However, there are alternative approaches to empowerment policy that could change that and organised business needs to learn to back those alternatives.

*Frans CronjeCEO, Institute of Race Relations, a think-tank that promotes political and economic freedom. 

Read letter on Business Day here

IRR TV

 

By Frans Cronje 

Your front page report (Calls for action over failure to transform, May 10) reveals the depth of the madness that has attached itself to the government’s approach to economic empowerment. Almost 200 companies have been "referred for prosecution" for failing to meet racial targets set by the government.

Your report calls for "harsh penalties". Firms are referred to as "offenders". Calls are made to delist "noncompliant" companies from the stock exchange. Employers that don’t meet racial quotas are referred to as "intransigent".

But these "intransigent, noncompliant offenders" are the only hope SA has of pulling out of the economic slump the country finds itself in. Against the odds, and in the face of policy hostility, many of these companies are doing everything they can to make a go of it in a now almost zero-growth economy.

We brief many companies and every week see company boards whose efforts to make a contribution to the country can only be described as heroic. These companies, and the boards that run them, are in our experience often dedicated, patriotic South Africans and foreign investors who are deeply committed to improving social and economic circumstances in the country. But the way SA conceives of empowerment has brought us to a point where the government and many activists treat those same companies and their directors as virtual criminals.

In your report the ANC in effect blames them for "instability" in SA. What is going on here is not the pursuit of empowerment — it is the very antithesis of any definition of the word. Real empowerment requires more jobs, more entrepreneurs and the tax revenues to develop the infrastructure to support economic expansion. Our polling shows time and again that South Africans do not care greatly for racial quotas and targets — the demand is for jobs, rising incomes and better lives.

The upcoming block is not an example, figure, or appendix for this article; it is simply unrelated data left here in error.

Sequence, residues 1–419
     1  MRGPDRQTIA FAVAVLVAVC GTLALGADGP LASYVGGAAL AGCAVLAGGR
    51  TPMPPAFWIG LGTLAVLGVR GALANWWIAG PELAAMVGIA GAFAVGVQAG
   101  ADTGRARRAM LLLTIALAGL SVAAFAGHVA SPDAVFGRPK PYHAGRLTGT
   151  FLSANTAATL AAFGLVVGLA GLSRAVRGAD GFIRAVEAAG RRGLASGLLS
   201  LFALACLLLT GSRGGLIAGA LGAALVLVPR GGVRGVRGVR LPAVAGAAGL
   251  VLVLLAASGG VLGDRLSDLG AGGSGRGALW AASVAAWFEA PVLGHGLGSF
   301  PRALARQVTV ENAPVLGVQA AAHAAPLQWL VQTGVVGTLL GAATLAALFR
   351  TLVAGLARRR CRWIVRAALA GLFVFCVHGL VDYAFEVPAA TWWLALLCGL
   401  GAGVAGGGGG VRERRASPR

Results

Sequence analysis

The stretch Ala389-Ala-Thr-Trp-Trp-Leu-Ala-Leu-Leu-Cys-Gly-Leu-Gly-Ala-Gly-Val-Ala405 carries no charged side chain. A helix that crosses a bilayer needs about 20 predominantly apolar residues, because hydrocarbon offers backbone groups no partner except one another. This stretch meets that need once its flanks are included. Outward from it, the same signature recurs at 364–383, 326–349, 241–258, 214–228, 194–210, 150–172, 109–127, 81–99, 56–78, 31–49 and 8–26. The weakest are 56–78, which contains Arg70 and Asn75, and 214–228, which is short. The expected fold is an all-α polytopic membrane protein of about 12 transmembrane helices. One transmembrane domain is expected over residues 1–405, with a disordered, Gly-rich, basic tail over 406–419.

The madness has reached a point where the government is engaged in an assault on the source of those jobs, yet claims time and again, and with the economy on its knees, that this assault is in pursuit of empowering SA’s people.

The country needs empowerment policies that work — there is no greater policy priority. But that won’t happen without recognition that investment-led economic growth is the basis of all empowerment. Empowerment policy should be geared to reward the fixed investment, job creation, tax payment and export contributions of companies.

My policy colleagues have devised a bold new approach to empowerment policy called economic empowerment for the disadvantaged (EED) that prioritises above all else the inputs necessary to position SA as a competitive, high-growth emerging market. It is a workable alternative for pulling millions of people into the middle classes.

Under current empowerment policy, business, entrepreneurs and the private sector will continue to be hung out as a root cause of poverty, inequality and instability in SA. As the pursuit of "empowerment" drives more investors out of the country, the screws will be tightened on those that remain. Year after year, the rhetoric and hostility will deepen.

However, there are alternative approaches to empowerment policy that could change that and organised business needs to learn to back those alternatives.

*Frans CronjeCEO, Institute of Race Relations, a think-tank that promotes political and economic freedom. 

Read letter on Business Day here